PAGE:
Franklin Delano Roosevelt and his wife Eleanor are larger-than-life figures in American history. Franklin, the only American president elected three times, lead the country through the Great Depression and World War II, despite being crippled by polio. Eleanor redefined the role of First Lady, and sometimes caused controversy with her advocacy for human and civil rights.
It is no secret that the charismatic FDR was a lady’s man and had affairs with his White House secretary, Missy LeHand, and before that, with Eleanor’s secretary, Lucy Mercer. Many historians also believe Eleanor found her own love with another woman, journalist Lorena Hickok.
Novelist Amy Bloom’s latest novel, White Houses, imagines the relationship between the two women who came from disparate backgrounds. Bloom first learned about the love letters between Roosevelt and Hickok when she read Blanche Wiesen Cook’s 1992 biography about Eleanor. Bloom went through the 3,000 letters between Roosevelt and Hickok stored in 18 boxes in the archives of the Franklin Delano Roosevelt Library in Hyde Park, written between 1932 sand 1962. The correspondence stopped when Eleanor died. Author Susan Quinn added to the research with her 2017 biography, Eleanor and Hick: The Love Affair that Shaped a First Lady.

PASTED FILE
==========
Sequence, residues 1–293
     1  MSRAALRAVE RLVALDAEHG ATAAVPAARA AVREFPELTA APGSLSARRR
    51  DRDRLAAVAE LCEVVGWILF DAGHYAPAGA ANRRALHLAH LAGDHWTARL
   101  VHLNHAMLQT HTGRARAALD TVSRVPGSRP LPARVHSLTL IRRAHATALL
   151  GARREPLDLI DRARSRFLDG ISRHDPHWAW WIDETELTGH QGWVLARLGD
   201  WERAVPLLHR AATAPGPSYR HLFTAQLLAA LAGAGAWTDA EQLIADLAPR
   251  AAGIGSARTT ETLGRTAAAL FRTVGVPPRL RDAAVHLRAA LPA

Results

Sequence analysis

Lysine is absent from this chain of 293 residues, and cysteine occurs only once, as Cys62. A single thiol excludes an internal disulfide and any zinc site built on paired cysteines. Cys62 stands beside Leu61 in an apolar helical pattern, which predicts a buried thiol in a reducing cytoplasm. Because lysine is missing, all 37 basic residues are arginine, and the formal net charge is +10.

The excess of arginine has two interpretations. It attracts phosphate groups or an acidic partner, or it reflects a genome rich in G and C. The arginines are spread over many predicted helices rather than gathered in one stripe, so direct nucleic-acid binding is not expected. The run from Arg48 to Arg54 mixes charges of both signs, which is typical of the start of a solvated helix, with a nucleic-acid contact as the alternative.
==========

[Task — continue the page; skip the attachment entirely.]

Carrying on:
Bloom tells the story from Lorena Hickok’s point of view, and shares some of her remarkable life. Lorena grew up in a dirt-poor, abusive family in South Dakota, and escaped at the age of 13. She joined a circus for a while until she made her way to her aunt in Milwaukee, and finished her high school education. She knew she wanted to be a journalist, and ended up in New York working for the Associated Press. She covered the Charles Lindbergh baby kidnapping, making her the most famous female journalist of the time. Lorena met Eleanor when she was assigned to interview her in 1928, and later to cover the future First Lady during FDR’s first presidential campaign. When the two women became smitten with each other, they managed to find time alone, keeping their relationship hidden. Lorena actually lived at the White House for quite a while, as a “First Friend,’’ and worked for the administration.
Bloom’s writing is tender and beautiful, exploring the forbidden love story of two remarkable women. It lends a new dimension to one of the greatest First Ladies this country has seen. It makes me want to know more about Lorena Hickok.